Sann, Banh’s brother-in-law, also denied having any knowledge about his son-in-law’s case. He said he retired from his role at the Interior Ministry six years ago.
He claimed he was not concerned about Piseth’s current detainment and said he had not spoken with Banh about the matter.
“I do not know, I live in a separate house [from the family property],” said Sann. “This does not involve me.”
Thai authorities have said Piseth was detained on suspicion of involvement in weapons smuggling, though few details have emerged about any role he played in the alleged operation.
Thai-language media, however, have reported that a search of Piseth’s Range Rover also uncovered four firearms.
Sok Phal, chief of immigration, previously told The Post that Piseth was from a “powerful” family in Koh Kong and was recently transferred to his department from the provincial police force and was yet to be assigned a unit.
Reached yesterday, Koh Kong Provincial Police Chief Sam Keath Veat declined to discuss Piseth’s time with his department.
“This is an internal secret of the police,” he said, adding he had received no updates about the case from Thai authorities.
Several people spoken to in Koh Kong were unable to describe what Piseth’s role was with the Immigration Department. Sann, his father-in-law, would only say his in-law moved “back and forth” between the coastal province and Phnom Penh as part of his job.
Speaking from his home in Koh Kong, Piseth’s brother-in-law, Sour Samnang, 45, said he knew little of his relative’s work except that he had been a police officer for four or five years.
“I haven’t seen him in two or three months. We are not really close. I don’t know what he does – just immigration police,” he said, adding Piseth was originally from Koh Rong in Preah Sihanouk and that his parents had died.
“Thailand does not allow us to see him. We just learn it’s related to weapons, we do not know anything.”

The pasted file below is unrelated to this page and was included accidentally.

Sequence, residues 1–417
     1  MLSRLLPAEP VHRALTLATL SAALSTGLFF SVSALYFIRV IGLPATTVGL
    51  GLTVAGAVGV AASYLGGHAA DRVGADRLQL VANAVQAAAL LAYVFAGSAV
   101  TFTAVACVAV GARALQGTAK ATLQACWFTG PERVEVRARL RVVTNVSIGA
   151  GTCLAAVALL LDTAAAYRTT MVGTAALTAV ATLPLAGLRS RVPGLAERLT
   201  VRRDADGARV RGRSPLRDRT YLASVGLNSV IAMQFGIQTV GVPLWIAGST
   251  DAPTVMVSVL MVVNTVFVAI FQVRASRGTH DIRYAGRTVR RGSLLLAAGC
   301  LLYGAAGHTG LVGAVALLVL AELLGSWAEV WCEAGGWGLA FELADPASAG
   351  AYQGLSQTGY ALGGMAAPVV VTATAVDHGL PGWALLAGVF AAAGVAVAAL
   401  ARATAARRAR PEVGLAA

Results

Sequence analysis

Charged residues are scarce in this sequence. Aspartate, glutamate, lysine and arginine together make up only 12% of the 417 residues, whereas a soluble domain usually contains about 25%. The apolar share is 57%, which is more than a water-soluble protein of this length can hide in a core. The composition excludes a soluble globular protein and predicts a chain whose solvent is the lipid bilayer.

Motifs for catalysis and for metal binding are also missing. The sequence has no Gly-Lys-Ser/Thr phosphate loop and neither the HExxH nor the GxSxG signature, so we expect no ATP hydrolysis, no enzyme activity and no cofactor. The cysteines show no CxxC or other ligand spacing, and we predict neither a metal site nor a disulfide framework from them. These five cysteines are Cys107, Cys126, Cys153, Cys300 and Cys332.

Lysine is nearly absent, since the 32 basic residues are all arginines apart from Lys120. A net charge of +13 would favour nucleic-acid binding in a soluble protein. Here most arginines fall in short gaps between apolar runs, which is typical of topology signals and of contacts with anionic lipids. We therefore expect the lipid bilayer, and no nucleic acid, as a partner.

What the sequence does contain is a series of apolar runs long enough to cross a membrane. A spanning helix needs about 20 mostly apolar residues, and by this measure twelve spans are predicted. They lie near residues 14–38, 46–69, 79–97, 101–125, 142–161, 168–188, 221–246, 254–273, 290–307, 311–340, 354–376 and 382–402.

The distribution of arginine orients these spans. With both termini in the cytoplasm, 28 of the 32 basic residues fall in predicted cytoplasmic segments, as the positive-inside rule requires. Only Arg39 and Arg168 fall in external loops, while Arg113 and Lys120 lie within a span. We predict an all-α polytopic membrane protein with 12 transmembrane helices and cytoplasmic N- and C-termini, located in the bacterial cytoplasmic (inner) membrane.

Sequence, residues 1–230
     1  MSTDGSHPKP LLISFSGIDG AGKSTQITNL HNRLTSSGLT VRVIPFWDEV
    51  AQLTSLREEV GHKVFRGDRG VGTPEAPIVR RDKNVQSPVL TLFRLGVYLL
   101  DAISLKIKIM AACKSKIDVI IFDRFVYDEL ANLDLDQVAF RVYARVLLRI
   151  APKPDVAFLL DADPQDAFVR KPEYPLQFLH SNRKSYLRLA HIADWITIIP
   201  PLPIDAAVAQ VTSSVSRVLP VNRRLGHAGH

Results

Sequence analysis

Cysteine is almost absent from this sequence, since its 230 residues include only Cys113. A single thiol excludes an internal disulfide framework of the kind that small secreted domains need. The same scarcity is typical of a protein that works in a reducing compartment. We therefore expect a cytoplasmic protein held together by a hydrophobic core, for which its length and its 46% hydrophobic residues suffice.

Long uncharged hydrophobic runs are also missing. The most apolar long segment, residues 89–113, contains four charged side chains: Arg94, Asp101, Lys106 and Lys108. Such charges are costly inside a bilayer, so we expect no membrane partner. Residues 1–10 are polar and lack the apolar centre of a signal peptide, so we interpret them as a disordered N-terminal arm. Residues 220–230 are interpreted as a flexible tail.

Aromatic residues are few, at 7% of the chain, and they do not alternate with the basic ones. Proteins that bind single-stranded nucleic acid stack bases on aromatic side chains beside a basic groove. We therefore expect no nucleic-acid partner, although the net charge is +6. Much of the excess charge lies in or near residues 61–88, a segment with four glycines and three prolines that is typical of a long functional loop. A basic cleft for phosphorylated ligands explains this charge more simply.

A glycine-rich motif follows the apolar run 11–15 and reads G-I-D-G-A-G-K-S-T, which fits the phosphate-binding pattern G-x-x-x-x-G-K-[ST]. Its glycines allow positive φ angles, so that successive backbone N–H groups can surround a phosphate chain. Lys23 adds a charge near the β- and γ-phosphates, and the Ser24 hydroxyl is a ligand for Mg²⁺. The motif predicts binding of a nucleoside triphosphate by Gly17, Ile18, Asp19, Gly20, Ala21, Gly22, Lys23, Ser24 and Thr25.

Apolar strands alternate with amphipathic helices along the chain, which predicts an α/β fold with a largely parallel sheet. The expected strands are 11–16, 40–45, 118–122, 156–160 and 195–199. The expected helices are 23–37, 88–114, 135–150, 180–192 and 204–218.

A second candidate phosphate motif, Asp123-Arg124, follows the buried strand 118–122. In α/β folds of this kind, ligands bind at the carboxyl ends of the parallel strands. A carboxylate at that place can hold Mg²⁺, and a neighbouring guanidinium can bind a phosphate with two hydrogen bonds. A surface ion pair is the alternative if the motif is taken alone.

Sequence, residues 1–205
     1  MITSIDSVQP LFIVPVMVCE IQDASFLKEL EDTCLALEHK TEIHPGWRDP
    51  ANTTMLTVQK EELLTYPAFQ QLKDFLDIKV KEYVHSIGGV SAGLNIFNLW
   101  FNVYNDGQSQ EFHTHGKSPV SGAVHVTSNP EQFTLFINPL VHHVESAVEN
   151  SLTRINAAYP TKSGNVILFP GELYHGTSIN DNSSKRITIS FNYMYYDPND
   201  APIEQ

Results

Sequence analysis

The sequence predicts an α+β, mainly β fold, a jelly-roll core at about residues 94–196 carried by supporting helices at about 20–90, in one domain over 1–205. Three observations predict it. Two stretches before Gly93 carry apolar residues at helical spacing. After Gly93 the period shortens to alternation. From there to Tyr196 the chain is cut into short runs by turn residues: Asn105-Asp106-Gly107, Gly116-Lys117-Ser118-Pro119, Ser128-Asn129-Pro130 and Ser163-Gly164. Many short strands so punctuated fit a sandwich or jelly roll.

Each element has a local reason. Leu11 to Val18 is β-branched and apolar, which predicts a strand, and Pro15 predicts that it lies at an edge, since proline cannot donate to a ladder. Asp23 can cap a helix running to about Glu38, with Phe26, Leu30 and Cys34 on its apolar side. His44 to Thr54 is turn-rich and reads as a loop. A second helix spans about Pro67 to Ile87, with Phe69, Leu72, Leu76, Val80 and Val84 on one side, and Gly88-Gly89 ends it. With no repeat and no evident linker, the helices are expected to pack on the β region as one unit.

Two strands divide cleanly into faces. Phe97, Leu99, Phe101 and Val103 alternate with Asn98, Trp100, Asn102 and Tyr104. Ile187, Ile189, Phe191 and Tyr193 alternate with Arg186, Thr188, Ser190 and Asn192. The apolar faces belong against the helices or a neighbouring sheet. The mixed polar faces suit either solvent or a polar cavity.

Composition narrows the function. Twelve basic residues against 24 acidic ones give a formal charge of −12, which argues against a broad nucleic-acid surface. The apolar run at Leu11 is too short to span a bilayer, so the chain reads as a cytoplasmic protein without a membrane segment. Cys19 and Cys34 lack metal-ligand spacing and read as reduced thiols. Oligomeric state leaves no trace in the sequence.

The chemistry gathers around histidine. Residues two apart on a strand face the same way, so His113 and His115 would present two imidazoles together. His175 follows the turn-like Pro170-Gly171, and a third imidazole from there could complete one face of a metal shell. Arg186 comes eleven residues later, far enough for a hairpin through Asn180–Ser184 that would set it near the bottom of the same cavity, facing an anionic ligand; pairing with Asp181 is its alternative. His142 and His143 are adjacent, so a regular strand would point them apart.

At Koh Kong’s Cham Yeam International Checkpoint on Friday, Major You Phal, an immigration officer, said Piseth was not based on the border, but went infrequently to Thailand for “his wife’s business”.
The deputy chief of the checkpoint, Kim Ratana, yesterday said Piseth was still detained in Trat Provincial Prison.Speaking yesterday by phone, former Koh Kong Governor Bun Leut said he was aware of his in-law’s detainment but distanced provincial authorities from the case.
“He was not involved with our authorities because he was not an official within the Koh Kong provincial framework,” Leut said.“I do not feel bad about the arrest because if he has done wrong, the arrest complies with [Thailand’s] law, so we cannot put our hand in.”
A local police officer in Koh Kong province said it was well known in the province that Piseth was well-connected and “rich and powerful”.
This gave him protection from scrutiny, claimed the officer, who requested anonymity for fear of repercussions for speaking about the case.
“We do not pay attention to him because he was police and he is rich and powerful and has enough to live comfortably,” the officer said, adding that Piseth was also known to trade in cars and motorbikes.
“First he is the son-in-law of an undersecretary of state and a nephew-in-law to the provincial governor and deputy prime minister, so we do not think about the crime.”